The independent student newspaper at the University of Illinois since 1871

The Daily Illini

The independent student newspaper at the University of Illinois since 1871

The Daily Illini

The independent student newspaper at the University of Illinois since 1871

The Daily Illini

Opinion | Is it time for UI to adopt a new mascot?

The Daily Illini Photo File
“Stuff Huff” Friday night at Huff Hall for the women’s volleyball game as hordes of fans swarmed the court to cheer on the Chief during his halftime performance on Aug. 25, 2006. Senior columnist Maggie Knutte and columnist Grayson Hodson share their opinions on the university’s mascot status.

Senior columnist Maggie Knutte and columnist Grayson Hodson share opposing perspectives on replacing the mascot for the Illini. Knutte argues in favor of a replacement with the belted kingfisher, whose campaign gains traction yearly, whereas Hodson argues it would be too divisive at this point in time.


The belted kingfisher mascot fits fantastically

A vibrant orange and blue bird swoops down and dives gracefully into the water, emerging victorious with a fish. It is the kingfisher.  

If you have watched “Our Planet,” an Emmy Award-winning nature documentary, then you have likely watched this scene. While short, it shows a captivating shot of a kingfisher in action in the seventh episode, titled “Fresh Water.” Renowned broadcaster and biologist David Attenborough introduces it as “the kingfisher, the most glorious of divers.”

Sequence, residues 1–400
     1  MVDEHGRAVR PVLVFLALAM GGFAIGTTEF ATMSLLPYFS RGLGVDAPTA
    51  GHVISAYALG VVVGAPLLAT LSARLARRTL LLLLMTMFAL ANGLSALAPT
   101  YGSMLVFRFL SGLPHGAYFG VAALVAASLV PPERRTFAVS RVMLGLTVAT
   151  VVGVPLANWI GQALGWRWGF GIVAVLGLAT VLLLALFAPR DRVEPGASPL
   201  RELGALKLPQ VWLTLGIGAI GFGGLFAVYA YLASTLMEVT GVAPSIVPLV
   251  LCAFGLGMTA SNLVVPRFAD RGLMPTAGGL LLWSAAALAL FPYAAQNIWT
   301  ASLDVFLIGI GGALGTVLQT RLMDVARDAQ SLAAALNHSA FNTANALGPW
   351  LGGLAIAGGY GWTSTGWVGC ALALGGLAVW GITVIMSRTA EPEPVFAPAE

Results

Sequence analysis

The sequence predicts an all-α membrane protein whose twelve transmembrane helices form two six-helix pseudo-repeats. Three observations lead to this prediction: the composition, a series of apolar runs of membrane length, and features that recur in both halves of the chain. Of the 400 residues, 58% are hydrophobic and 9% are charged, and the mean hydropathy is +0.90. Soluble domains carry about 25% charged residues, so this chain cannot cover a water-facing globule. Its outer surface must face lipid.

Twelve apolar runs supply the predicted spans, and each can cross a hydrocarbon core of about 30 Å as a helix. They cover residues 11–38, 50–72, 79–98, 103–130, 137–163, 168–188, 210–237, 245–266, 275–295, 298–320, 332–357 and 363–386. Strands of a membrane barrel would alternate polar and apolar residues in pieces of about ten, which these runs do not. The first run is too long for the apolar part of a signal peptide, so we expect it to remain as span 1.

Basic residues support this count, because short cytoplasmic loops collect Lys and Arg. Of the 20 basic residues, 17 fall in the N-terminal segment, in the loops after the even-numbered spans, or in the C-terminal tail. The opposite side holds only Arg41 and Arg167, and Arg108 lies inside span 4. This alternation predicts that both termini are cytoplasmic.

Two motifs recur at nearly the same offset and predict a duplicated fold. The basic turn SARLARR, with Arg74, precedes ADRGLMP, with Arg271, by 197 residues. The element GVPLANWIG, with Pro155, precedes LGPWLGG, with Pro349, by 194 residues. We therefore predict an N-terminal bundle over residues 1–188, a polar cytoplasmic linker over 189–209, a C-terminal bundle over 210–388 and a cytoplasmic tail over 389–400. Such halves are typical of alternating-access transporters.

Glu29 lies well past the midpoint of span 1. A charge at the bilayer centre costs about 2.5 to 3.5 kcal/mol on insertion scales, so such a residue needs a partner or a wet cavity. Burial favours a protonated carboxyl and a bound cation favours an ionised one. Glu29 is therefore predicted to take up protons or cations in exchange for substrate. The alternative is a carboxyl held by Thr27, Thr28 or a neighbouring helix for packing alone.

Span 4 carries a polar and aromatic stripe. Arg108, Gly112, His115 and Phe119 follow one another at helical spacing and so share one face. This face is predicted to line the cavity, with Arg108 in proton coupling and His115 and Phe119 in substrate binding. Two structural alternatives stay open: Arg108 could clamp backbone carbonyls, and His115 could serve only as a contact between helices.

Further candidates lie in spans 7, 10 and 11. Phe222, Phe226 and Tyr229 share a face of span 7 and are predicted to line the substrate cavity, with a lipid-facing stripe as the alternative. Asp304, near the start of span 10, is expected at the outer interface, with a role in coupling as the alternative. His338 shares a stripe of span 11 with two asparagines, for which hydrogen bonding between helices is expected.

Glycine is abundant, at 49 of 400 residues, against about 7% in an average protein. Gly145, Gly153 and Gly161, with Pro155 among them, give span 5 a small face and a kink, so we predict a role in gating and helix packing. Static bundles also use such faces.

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    This semester, the belted kingfisher became the unofficial mascot of the University, filling a spot that has been vacant since 2007.

    Despite mixed opinions about the choice of a mascot, not many know much about the bird itself. 

    There are several different species of kingfisher birds, but it is the belted kingfisher that can be found in Illinois. They often nest near water bodies such as streams or shorelines, fishing for fish and crawfish like their name suggests.

    The belted kingfisher specifically gets its name from its blue belt that wraps around its breast. Female kingfishers also have an orange belt across their chest, sporting Illinois’ colors against their white base. 

    This bird is a proud symbol of the University but is also becoming more scarce. As fishery competitors, belted kingfishers used to be hunted. There are now laws in place protecting them, but they can only do so much. Kingfishers have also become displaced because of habitat loss. 

    Making the belted kingfisher our mascot could help bring awareness to conservation efforts. A bird that is so unique and important to our local ecosystem deserves nothing less than to thrive.  

    Supporters of the belted kingfisher created a website with information about the potential mascot. It includes everything from the timeline of the kingfisher becoming a mascot figure to student-made designs for the mascot. There is a page about how you can get involved in making the kingfisher our mascot.

    The Kingfisher has several social media accounts that post updates, merch and anything else Kingfisher-related.